When students apply theories and concepts from their readings and lectures to solve problems in realistic simulations of actual supply chains around the world, then they are connecting learning with practice. It has a powerful effect. Watch your students’ understanding and knowledge retention accelerate.
Instructor Feedback on Using SCM Globe
Quoted below is an email we got from one professor at the end of a five week intensive supply chain management course he taught:
“We wargame because we must. There are certain warfare problems that only gaming can illuminate.” – Robert Rubel, Professor Emeritus, Naval Warfare Studies, U.S. Naval War College.
Military organizations have been using games to train their officers and predict possible outcomes of future battles since the Prussian Army began using the game “Kriegsspiel” some 200 years ago (http://en.wikipedia.org/wiki/Kriegsspiel_(wargame)). This shouldn’t be surprising if we accept the notion that games are a biological adaptation in mammals to gain survival skills. In nature, play is the activity of practicing survival skills in low-urgency situations that can then be used in high-urgency, life-and-death situations. This is exactly the way the military uses wargames.
Could we use games to explore different supply chain options, just as the military uses games to explore different strategies? Could a supply chain game show us the best supply chain solutions the same way wargames show the best strategies? If so, what would that supply chain game look like? Continue reading
There’s an old saying that goes like this, “Amateurs talk strategy, and professionals talk logistics.” Logistics has always been the foundation upon which successful strategies support themselves. Now in our interconnected and globalized world, skills in logistics and supply chain management are more crucial than ever. In this article we’ll discuss four key reasons for using simulations to develop world-class supply chain professionals.
Key Reason 1. There are Two Kinds of Knowledge — We Need Both
There are two ways of knowing things, and they build upon each other. Those two ways are:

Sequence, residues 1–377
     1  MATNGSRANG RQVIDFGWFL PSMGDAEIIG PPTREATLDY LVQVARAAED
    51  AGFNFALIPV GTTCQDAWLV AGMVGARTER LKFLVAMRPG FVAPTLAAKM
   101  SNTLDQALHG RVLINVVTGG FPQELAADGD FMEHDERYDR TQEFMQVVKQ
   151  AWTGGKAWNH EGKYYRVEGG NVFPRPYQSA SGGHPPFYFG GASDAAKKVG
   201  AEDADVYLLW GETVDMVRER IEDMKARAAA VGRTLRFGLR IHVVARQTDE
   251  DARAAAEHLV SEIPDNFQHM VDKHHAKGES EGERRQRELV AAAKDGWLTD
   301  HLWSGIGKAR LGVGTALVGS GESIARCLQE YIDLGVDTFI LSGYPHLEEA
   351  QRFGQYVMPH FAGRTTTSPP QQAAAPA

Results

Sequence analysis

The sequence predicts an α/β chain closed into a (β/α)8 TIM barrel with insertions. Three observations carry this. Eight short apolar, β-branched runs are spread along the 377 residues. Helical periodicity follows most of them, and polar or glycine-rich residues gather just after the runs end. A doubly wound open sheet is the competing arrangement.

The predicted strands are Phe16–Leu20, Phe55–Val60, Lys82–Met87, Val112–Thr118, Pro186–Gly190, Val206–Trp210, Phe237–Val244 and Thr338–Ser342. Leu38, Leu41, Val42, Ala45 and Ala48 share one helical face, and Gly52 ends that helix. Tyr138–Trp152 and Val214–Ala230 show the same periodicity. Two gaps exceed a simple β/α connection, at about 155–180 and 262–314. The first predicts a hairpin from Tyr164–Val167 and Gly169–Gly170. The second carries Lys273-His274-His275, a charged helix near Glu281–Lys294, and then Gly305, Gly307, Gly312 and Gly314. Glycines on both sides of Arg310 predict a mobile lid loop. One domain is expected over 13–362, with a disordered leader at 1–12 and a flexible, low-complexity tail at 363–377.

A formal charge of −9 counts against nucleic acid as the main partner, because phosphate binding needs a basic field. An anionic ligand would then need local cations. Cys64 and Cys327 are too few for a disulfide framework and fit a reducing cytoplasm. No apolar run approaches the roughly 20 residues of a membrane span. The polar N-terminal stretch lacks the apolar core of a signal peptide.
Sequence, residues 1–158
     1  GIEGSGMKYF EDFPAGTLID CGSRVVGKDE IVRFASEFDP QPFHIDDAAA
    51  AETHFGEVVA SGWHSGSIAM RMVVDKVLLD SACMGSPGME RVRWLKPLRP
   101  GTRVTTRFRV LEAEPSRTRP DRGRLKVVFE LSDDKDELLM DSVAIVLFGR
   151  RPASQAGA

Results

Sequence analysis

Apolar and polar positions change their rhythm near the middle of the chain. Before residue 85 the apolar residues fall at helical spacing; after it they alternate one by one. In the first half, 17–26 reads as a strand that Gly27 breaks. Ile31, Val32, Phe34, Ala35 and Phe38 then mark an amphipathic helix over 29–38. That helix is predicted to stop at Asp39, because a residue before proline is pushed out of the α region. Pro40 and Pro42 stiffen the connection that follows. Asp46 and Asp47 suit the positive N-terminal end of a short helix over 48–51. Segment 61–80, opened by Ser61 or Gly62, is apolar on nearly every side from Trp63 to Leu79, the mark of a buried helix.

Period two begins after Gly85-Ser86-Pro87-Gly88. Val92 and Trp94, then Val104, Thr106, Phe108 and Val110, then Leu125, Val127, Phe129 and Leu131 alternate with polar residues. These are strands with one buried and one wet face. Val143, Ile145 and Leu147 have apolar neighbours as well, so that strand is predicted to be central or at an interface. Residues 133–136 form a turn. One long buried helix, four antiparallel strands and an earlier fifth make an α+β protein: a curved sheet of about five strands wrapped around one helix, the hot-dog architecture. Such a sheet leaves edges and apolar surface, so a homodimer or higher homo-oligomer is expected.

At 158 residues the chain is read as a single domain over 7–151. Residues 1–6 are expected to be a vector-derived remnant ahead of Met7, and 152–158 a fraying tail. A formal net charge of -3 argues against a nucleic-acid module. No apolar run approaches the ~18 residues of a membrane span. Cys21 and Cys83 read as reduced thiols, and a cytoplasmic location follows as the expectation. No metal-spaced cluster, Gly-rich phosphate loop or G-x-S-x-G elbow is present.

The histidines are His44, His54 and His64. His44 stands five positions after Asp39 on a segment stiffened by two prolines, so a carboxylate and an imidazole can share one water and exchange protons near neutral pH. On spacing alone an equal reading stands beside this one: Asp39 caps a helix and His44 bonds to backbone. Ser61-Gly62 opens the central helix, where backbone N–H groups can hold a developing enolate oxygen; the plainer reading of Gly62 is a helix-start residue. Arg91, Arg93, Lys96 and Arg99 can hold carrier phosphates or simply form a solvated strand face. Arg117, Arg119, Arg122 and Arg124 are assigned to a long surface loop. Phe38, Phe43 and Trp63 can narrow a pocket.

- Tacit knowledge – difficult to articulate; usually defined as “know-how” or “street-smarts”. It can be transmitted through stories, through social interactions in a group, and through personal experience.
- Explicit knowledge – codified in language and discourse. It is the facts and figures that can be transmitted by books and dialogue.
Let’s investigate a high-level conceptual design for applying game mechanics to coordinate the actions of a network of separate companies that all do business together. These companies are manufacturers, logistics providers, distributors, and retailers, and they are all members of a common supply chain. Continue reading
In the spirit of the saying, “amateurs talk strategy and professionals talk logistics”, lets look at the campaigns of Alexander the Great. For those who think that his greatness was only due to his ability to dream up bold moves and cut a dashing figure in the saddle – think again.
Alexander was a master of supply chain management and he could not have succeeded otherwise. Continue reading
As the saying goes, “It’s not what you know, but what you can remember when you need it.” Since there is an infinite amount of detail in any situation, the trick is to find useful models that capture the salient facts and provide a framework to organize the rest of the relevant details.
SCM Globe is a way to model the salient facts of any supply chain anywhere in the world. Continue reading